The Power of Prediction
Everything along the industrial metals supply chain is changing rapidly. Markets, materials, products, customer demands, factory floor operations, and the demand for timely, reliable data on the products you produce. All that, plus the need to know which technological and economic trends will have the most impact on your business now.
Assessing these critical business imponderables and sorting the winners from the losers is the business of predictive analytics. And predictive analytics is the business of Tony Sardella, CEO of Evolve24, a leading analytics firm based in St. Louis. Sardella is just one of the compelling keynote speakers you’ll hear at this year’s MSCI Annual Meeting, May 7–8 at the Trump National Doral Hotel in Miami.
“Which trends will be firm and which will fade, and what that means for your capital investment strategy is just one of the areas I want to talk about,” Sardella said in a pre-conference interview with MSCI. “But also we’ll talk about how to identify what’s driving these trends and therefore how business leaders should be starting to think about adapting to and staying ahead of these developments.”
All this, of course, involves the intelligent, timely and reliable collection and interpretation of the various streams of digital information your business already collects and uses for everything from inventory controls to sales coordination and billing. But it also involves embracing a new generation of digital analytics that is only slowly taking hold in the metals supply chain. MSCI studies show that metals industry investment in digital technology has been relatively sluggish and unsophisticated compared with other industries and compared with the increasing capabilities of up-to-date IT to boost productivity and profits.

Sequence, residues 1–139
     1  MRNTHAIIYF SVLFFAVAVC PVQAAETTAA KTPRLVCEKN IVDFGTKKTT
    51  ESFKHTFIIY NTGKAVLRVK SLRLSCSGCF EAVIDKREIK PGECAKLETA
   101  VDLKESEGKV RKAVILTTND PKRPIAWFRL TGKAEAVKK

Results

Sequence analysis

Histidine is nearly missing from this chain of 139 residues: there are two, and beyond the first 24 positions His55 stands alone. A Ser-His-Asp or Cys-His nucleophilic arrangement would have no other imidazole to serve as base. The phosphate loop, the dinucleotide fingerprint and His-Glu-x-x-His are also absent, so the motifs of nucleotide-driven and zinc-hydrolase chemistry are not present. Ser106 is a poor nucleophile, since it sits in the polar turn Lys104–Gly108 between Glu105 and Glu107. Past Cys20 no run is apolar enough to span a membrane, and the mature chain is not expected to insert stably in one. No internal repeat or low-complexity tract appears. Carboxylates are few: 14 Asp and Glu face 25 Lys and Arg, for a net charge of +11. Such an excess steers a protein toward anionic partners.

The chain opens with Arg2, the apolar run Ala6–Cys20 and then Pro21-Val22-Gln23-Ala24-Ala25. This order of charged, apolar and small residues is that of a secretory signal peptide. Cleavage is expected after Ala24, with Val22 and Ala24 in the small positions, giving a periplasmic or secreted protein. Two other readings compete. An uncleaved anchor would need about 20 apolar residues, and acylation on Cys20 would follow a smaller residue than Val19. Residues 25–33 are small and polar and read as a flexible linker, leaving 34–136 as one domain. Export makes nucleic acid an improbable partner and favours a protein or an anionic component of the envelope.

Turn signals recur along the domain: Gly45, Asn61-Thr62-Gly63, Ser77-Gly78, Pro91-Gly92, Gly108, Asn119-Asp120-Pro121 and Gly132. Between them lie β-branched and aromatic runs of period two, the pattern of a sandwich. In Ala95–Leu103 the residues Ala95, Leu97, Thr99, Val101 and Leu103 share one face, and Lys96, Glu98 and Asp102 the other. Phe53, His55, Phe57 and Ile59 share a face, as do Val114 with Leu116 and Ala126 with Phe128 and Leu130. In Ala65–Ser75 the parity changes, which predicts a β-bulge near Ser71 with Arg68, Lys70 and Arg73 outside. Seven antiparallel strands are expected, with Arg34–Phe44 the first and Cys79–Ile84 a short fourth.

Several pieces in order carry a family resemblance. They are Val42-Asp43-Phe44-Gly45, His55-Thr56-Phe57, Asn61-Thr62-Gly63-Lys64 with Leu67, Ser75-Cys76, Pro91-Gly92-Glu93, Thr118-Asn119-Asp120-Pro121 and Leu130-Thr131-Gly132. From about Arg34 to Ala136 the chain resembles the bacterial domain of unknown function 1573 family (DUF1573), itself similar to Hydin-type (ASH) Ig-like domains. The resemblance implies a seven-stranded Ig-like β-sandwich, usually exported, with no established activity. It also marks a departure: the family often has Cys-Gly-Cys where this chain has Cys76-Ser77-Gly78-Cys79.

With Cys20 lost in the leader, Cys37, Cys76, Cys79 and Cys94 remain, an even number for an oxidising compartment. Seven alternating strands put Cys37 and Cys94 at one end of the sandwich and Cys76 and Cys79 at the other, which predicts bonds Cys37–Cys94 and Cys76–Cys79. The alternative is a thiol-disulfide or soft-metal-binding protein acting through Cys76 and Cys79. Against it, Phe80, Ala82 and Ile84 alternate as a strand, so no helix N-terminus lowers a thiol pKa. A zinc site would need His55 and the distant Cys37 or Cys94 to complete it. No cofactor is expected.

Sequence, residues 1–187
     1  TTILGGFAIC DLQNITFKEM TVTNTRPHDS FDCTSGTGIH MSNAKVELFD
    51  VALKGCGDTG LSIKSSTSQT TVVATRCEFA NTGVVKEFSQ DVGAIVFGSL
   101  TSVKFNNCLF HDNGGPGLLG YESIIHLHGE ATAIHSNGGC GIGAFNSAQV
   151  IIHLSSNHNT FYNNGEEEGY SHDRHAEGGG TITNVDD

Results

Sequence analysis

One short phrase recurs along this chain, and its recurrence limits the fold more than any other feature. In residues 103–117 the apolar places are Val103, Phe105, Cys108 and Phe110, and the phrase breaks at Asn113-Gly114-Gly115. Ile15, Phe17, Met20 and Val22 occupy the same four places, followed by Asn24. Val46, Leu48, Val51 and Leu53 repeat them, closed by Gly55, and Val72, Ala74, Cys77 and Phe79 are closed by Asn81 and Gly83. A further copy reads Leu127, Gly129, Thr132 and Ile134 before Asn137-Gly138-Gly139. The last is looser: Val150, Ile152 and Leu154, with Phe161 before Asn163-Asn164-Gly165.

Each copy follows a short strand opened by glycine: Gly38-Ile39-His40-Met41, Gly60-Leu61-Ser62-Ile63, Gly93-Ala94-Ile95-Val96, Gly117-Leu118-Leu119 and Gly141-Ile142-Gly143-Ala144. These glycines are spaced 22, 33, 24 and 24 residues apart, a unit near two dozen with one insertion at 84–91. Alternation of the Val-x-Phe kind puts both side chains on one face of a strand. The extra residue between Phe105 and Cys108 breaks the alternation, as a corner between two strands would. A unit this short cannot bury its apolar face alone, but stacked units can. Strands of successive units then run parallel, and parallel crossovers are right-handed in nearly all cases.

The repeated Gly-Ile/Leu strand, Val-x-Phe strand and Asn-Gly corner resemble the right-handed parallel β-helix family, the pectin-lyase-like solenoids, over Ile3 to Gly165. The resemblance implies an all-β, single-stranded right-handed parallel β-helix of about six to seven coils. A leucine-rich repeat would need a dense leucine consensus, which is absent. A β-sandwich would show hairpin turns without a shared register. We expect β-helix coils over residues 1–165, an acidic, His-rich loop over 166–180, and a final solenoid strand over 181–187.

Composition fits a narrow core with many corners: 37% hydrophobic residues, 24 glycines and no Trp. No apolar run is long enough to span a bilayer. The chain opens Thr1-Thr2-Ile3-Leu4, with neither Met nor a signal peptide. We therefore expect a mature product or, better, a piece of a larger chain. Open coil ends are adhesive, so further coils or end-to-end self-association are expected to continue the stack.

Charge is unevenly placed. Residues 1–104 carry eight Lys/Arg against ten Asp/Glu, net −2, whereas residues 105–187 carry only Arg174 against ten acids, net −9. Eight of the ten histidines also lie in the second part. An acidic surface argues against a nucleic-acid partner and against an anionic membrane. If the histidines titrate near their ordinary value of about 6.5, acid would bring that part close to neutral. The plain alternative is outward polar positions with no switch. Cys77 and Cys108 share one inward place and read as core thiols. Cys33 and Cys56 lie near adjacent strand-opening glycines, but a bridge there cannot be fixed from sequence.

“We’ll be talking about the Internet of Things and what it means to have sensors embedded in most all products to predict their life cycles, maintenance requirements and failure rates, among other things,” he said. “But I want your audience to also understand the implications of automation, especially robotics, developments in artificial intelligence and learning machines, and something called block chain, which is a digital analytic tool that allows a new level of security and clarity around the supply chain.” It is a digital system that accurately traces the source and quality of raw materials through processing, fabricating and shipping to end stage recycling and disposal.
“These are just some of things coming at us all in business,” Sardella said. “I’ll describe some case studies to illustrate the peril and potential of each.”